just join and excited on getting started help!!!!

Discussion in 'Photography Beginners' Forum' started by anlynn, May 23, 2009.

  1. anlynn

    anlynn TPF Noob!

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    I just became more serious about photography and want to know what a beginner camera to pick up I'm on about $150 to $200 budget... just something to get me in the mix... if there is something a little cheaper please feel free to let me know.... I'm going to be doing alot of lighting equipment and stuff yet just want to get the basics down... on taking good pics...and using different techinues for stlyes.....
    right now I do alot of photo editing using Photo Explosion Deluxe making cute pics for family and friends for a little bit of cash.... what software would you suggest to upgrade for more of professional effects and editing ... I'll probably still using Photo Explosion because folks love the background and props I put in their pics... but for more professional opportunities I would like to step it up with a decent camera and software thanks for reading my long post lol... God bless
     
  2. benhasajeep

    benhasajeep TPF Noob!

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    Welcome.

    If I may, do you already have a camera? I am guessing you do since you have the program to edit with.

    Reason I ask is I would bet a camera in the $150 to $200 range may not be that much better, unless yours is several years old. And if you do already have a camera, what are some of the things you would like it to do better?

    Also what are you interested in taking pictures of? That would help with deciding between similar models.

    As for software I only have experience with Photoshop and now learning Lightroom 2.
     
  3. KmH

    KmH Helping photographers learn to fish Supporting Member

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    As far as image editing software you can get GIMP for free since it is open source software www.gimp.org . It has many of the same features as Photoshop.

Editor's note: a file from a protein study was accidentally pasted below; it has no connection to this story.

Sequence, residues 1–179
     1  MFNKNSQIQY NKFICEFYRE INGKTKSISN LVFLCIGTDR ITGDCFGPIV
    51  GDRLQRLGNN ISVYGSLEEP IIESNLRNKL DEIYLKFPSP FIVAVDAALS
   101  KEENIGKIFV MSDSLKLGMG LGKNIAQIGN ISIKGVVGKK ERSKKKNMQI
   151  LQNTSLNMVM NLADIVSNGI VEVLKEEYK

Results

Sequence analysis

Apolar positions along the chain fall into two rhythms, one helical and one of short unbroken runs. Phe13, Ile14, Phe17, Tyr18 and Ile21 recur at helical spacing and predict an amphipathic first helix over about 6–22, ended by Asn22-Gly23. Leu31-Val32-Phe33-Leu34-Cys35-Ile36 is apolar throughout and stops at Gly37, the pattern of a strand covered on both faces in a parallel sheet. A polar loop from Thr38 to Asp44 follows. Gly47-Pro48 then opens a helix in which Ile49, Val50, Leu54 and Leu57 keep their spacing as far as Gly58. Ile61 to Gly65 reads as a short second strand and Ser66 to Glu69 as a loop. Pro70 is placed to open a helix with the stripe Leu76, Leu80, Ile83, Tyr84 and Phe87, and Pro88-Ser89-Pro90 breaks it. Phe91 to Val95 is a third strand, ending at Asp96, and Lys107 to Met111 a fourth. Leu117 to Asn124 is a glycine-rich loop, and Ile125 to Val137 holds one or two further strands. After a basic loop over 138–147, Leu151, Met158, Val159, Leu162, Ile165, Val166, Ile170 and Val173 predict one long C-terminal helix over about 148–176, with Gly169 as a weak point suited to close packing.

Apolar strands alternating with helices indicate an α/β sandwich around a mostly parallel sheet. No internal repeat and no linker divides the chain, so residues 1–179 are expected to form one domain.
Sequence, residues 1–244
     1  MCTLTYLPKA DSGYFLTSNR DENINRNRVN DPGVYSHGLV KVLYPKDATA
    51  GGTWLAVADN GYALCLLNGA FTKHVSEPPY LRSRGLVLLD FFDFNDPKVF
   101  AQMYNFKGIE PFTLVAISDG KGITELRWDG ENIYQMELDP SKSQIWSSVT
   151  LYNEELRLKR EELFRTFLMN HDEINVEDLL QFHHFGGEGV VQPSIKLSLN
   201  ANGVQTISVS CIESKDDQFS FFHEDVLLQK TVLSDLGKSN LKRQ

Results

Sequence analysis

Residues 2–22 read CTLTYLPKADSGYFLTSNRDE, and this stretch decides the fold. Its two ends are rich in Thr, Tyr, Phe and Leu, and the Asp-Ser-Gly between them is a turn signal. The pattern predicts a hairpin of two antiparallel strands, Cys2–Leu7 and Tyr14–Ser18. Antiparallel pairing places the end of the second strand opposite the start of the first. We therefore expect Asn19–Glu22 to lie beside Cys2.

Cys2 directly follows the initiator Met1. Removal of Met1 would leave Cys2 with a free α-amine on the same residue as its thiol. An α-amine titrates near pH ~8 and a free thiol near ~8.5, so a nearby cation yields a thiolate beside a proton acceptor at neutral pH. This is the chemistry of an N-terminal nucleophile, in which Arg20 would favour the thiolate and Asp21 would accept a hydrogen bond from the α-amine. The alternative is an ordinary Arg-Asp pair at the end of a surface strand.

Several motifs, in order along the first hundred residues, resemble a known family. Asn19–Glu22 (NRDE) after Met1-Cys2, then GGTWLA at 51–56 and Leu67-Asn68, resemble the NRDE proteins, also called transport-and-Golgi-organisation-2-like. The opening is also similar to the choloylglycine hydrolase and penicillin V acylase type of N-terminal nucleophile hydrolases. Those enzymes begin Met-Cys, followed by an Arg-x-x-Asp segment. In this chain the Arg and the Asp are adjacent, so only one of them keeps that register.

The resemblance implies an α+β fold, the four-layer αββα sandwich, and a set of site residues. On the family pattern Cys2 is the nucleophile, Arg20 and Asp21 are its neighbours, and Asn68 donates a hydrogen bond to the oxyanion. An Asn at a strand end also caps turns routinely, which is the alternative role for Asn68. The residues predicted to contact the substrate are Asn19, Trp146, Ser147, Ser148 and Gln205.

You can buy the consumer version of Photoshop, Photoshop Elements 7.0 for about $100.

    Corel makes image editing software: Paint Shop Pro Photo X2 for about $70.

    You can also check out Googles free Picasa 3 Picasa 3: Free download from Google
     
  4. anlynn

    anlynn TPF Noob!

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    I'm just using a samsung S860 8.1 pixels... zoom is 6.3-18.9 mm now this is consumer grade camera so what budget should I have for a professional camera and what features should I look for in a professional camera...
    also I'm using Photo Explosion Deluxe which I'll never stop using because of the ease of use and the props and stuff...
    but what does photoshop have that would drag me away from Photo Explosion
    what features should a person look for in professional photography software...
    now I did just order a catalog for professional photography equipment ...also going to start doing some serious research but thought I ask some questions here first to get me on the right track when I google.... lol.....
    thanks for the respondes folks..
    another question or more like a plan for me I'm thinking I should just practice with my samsung some things
    thing is I don't know what I should practice... should I just focus on taking good pictures... but what techinques should I apply while taking shots...
    thanks again.....
     
  5. KmH

    KmH Helping photographers learn to fish Supporting Member